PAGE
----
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close this bookMethods for the Evaluation of the Impact of Food and Nutrition Programmes (UNU, 1984, 287 pages)
close this folder7. Measuring impact using immunologic techniques
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View the documentIntroduction
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View the documentConcluding remarks
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Concluding remarks

Recent studies have documented the usefulness of employing immunocompetence as a functional measure of nutrition (17). In growing infants, it may be a sensitive index of imminent failure to thrive and of infectionrelated morbidity.

Obviously, there are many unanswered questions. Many of the immunologic processes act in unison and often interact in a synergistic fashion. Impairment of one facet of immunity may be of little functional consequence for the host if other components are intact. The specificity of tests of immunocompetence is debatable. Other disorders, often clinically apparent, as well as infection, can depress immune responses. The threshold of clinically relevant immuno-deficiency is ill-defined. How much reduction in the number of circulating T cells is biologically significant? Does a 50 per cent decrease in serum complement C3 concentration predispose to more frequent or severe infection? Infection often complicates malnutrition and can suppress immunity.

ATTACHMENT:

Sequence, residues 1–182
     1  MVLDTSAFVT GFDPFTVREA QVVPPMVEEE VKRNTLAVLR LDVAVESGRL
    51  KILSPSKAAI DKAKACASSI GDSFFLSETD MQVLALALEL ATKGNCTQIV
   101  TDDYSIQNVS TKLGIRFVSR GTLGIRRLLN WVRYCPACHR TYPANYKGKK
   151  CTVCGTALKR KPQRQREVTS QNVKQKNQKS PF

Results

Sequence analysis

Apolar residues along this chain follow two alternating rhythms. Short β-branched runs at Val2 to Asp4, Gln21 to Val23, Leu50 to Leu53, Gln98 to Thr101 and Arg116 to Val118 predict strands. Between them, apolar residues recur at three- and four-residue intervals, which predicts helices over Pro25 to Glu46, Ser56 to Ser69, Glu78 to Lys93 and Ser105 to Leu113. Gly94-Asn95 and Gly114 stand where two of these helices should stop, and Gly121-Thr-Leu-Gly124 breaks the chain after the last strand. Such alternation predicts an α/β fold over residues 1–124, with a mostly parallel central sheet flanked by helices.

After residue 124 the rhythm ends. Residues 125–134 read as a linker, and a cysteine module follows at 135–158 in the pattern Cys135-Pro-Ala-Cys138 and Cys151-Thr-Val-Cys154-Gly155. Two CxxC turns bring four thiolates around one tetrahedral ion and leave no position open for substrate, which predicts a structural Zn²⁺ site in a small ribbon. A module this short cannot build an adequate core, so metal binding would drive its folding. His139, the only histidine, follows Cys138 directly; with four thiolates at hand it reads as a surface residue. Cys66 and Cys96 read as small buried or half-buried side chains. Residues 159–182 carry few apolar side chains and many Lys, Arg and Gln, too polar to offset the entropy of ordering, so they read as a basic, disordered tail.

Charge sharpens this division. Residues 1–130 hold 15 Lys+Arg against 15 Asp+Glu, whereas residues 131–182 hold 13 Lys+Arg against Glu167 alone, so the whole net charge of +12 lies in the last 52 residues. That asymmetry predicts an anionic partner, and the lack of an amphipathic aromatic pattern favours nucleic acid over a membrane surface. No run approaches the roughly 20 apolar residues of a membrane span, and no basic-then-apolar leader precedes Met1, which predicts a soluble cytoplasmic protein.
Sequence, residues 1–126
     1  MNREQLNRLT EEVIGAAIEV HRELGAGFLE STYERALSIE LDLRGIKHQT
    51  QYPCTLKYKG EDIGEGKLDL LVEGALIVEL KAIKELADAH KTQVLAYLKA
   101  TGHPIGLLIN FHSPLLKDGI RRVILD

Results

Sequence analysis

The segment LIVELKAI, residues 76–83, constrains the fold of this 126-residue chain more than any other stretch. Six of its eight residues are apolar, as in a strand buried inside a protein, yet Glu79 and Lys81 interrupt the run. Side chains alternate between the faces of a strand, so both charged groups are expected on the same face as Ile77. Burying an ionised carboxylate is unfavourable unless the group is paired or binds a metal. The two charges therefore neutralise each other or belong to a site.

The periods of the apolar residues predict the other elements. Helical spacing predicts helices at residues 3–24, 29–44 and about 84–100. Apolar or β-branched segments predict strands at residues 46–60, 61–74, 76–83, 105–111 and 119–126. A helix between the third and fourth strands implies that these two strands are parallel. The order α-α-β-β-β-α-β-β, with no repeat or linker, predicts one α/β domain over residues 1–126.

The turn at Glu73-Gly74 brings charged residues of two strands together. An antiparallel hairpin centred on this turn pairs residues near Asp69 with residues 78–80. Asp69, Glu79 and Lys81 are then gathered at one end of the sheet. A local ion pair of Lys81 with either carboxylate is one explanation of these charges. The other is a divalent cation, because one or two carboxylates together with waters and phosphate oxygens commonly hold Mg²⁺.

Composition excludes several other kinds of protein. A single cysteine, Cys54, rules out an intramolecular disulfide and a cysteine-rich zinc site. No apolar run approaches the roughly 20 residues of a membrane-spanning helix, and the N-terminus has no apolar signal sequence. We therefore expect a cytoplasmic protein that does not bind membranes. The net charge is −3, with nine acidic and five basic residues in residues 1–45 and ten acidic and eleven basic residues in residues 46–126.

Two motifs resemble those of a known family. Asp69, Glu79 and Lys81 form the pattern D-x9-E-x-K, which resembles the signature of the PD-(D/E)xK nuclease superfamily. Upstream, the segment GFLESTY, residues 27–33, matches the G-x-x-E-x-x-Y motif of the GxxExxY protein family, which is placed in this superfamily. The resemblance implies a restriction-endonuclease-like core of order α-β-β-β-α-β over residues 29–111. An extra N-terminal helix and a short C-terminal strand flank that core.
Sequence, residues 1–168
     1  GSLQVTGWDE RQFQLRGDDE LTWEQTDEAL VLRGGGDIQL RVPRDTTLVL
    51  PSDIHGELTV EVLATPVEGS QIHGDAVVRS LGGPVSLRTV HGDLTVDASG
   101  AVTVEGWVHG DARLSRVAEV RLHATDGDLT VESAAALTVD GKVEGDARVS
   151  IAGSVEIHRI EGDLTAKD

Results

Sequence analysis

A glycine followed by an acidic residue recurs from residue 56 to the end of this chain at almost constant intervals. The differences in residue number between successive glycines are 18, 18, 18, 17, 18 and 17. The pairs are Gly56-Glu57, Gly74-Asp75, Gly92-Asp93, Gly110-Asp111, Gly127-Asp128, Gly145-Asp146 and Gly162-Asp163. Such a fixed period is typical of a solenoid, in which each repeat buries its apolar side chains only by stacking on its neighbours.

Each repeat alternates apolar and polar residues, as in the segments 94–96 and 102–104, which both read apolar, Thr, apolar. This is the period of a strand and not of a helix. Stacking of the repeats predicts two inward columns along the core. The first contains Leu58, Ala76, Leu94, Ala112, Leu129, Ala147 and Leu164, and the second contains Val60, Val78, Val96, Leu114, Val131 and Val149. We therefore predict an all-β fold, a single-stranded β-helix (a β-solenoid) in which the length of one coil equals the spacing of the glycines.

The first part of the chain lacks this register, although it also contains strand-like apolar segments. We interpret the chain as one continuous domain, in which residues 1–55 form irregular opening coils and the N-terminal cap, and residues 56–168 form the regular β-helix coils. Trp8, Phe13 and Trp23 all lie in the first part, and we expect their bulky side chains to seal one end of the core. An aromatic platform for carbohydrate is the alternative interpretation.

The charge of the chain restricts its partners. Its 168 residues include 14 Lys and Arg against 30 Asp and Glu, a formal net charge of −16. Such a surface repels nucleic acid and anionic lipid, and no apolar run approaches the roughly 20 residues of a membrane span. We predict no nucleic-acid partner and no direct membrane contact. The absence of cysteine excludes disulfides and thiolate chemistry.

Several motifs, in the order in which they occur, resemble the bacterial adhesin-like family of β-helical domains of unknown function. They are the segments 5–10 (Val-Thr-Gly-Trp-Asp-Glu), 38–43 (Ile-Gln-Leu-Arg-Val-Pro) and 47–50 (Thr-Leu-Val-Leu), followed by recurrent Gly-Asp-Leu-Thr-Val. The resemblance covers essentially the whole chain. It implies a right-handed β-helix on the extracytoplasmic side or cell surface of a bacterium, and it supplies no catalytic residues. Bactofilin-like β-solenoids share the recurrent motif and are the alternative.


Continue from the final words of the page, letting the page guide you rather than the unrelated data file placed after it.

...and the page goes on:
The answers to these and other crucial questions must await further investigation. Nevertheless, existing knowledge indicates that the assessment of immunocompetence by the methods currently available provides useful prognostic information in relation to nutritional deficiency and in the evaluation of nutrition intervention programmes.